Doctors would really like to fight diseases such a cancer in precise, directed ways. That means delivering cancer-killing therapies to ugly cells, while leaving healthy cells alone. One way that could happen in the future is by using super tiny robots -- nanobots -- that work together inside the body like an infantry of warriors armed to battle cancer.
But there are some big challenges. Among them, communication. Like any battlefield army, soldiers need to coordinate their attacks. And nanobots, in theory, would have a difficult time. They can't use nano-sized cell phones, for example, because radio signals don't travel through liquids. (What about sonar? Has anyone looked into nano-sonar?) And chemical forms of communications only seem to work over long distances.
So, a team from the Polytechnic University of Catalonia in Barcelona, Spain, are looking at a way to use bacteria as messengers that deliver instructions to nanobots wrapped in DNA. Researchers Maria Gregori and Ignacio Llatser encoded the cytoplasm of non-pathogenic strain of E. coli with a short DNA sequence. Think of it as a tweet.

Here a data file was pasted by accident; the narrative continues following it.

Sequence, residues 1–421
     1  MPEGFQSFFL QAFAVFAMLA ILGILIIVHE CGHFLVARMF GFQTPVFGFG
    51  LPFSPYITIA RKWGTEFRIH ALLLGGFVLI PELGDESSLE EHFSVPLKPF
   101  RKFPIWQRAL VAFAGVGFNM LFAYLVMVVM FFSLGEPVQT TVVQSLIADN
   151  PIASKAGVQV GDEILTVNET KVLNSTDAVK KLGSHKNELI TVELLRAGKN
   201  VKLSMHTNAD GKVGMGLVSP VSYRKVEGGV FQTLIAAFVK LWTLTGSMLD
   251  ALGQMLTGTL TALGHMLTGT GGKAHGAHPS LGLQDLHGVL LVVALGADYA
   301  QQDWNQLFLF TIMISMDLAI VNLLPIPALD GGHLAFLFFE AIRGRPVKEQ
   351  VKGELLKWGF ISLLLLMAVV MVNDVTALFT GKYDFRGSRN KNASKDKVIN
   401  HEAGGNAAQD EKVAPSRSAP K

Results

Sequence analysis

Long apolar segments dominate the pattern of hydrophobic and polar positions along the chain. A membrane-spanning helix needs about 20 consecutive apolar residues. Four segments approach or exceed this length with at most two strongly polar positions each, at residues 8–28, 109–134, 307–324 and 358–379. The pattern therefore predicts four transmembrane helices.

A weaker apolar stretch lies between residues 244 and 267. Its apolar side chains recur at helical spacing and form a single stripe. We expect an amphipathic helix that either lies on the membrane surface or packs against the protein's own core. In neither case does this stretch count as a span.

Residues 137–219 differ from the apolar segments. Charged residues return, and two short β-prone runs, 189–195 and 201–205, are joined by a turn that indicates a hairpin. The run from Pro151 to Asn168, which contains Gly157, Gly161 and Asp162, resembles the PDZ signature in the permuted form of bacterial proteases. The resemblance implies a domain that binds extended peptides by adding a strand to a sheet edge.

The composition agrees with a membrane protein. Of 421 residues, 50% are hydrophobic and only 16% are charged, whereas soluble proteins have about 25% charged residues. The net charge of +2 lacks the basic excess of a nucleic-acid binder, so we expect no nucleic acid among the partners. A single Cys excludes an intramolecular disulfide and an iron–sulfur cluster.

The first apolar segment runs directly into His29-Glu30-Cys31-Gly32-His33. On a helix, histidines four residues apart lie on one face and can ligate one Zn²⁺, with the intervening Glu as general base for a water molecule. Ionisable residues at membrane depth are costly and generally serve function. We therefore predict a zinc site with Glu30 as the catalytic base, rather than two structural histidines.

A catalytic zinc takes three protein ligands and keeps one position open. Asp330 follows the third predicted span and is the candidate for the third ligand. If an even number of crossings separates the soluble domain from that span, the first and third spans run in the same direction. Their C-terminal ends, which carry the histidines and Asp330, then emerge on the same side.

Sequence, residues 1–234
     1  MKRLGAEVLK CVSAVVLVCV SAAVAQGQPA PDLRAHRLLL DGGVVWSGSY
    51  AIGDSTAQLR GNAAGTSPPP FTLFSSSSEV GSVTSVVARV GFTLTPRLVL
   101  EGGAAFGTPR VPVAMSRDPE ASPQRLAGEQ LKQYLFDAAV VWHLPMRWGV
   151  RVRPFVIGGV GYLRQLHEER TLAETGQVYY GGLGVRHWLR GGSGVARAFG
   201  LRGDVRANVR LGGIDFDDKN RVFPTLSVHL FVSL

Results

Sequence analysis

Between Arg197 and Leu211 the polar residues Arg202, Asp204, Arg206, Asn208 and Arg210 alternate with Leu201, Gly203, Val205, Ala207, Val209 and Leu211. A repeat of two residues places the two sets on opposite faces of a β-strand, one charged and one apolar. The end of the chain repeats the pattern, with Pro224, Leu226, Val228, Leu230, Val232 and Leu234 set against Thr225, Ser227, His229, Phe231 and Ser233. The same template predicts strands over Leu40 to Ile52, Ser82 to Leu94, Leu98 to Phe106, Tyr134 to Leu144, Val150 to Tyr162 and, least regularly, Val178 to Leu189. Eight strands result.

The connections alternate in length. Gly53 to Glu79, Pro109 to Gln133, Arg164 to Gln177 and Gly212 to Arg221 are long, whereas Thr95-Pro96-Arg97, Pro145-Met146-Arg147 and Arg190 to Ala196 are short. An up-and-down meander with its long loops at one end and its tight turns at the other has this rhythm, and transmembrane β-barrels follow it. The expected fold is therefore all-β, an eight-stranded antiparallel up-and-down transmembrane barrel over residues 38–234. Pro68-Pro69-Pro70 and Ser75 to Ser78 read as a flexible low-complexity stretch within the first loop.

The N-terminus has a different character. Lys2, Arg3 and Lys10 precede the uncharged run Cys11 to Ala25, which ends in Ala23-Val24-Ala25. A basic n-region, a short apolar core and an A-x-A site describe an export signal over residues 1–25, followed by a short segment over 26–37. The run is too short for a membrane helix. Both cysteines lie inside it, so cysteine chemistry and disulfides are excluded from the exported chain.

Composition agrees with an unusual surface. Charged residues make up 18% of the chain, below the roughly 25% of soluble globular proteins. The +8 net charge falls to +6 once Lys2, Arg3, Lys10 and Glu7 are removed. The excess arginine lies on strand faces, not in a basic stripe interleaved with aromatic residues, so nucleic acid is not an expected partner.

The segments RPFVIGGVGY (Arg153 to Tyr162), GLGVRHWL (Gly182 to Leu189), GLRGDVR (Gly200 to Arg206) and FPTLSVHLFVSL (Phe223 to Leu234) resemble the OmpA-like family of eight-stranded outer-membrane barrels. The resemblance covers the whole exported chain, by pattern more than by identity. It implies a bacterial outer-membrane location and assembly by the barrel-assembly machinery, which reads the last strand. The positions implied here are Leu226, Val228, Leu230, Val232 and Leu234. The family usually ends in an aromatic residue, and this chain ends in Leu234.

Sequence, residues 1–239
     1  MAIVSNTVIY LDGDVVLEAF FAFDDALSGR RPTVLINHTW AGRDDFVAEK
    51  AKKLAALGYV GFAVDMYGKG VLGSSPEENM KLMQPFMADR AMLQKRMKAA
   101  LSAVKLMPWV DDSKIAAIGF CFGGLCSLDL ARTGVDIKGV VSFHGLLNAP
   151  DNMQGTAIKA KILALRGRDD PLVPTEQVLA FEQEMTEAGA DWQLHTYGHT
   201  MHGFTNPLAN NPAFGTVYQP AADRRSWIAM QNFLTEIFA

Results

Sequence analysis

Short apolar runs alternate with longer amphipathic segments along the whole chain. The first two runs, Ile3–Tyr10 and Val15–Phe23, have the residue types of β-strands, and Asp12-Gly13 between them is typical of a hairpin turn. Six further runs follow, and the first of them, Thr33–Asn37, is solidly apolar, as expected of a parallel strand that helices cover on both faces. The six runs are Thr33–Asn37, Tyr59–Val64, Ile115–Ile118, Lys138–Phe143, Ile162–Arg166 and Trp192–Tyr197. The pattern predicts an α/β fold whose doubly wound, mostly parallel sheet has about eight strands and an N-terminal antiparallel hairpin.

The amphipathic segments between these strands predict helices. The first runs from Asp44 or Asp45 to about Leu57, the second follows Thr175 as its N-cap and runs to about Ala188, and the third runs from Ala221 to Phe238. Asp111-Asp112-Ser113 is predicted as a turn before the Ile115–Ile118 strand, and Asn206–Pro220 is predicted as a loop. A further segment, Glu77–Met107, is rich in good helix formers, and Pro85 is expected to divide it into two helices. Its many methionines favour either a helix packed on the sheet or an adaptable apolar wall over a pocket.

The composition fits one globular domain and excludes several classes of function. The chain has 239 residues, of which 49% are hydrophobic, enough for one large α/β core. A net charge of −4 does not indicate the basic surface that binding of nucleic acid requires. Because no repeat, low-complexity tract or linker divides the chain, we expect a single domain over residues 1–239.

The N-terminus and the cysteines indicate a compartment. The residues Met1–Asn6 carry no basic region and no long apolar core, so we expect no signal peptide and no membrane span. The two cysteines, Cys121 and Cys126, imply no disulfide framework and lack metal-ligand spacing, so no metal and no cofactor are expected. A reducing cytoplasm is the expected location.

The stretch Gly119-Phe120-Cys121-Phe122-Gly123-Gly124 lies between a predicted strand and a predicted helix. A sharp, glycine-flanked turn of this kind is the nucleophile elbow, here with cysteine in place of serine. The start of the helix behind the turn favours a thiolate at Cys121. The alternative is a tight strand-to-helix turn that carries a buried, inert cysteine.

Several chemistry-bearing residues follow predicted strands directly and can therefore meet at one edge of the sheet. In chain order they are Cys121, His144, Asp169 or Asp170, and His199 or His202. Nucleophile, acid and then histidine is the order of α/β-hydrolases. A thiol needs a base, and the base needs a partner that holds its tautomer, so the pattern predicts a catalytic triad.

Here's how it might work: A scout-like nanobot in the body encounters a cancerous tumor. It wants to call over the troops for an attack, so it releases bacteria encoded with packets of information in the form of DNA. The bacteria swim towards soldier nanobots, where they attach to the nanobots and then download their DNA message. Orders in hand, the nanobots arm their attack.
It's way cool, but keep in mind this is all theory and simulation. In the simulation, bacteria equipped with flagella -- whip-like tails that propel them forward -- took about 6 minutes to travel 1 millimeter. And the amount of data they carried in DNA is equal to about 600 kilobits of information. That's 3G, which provides typical download speeds of 600 kilobits to 1.4 Megabits per seconds.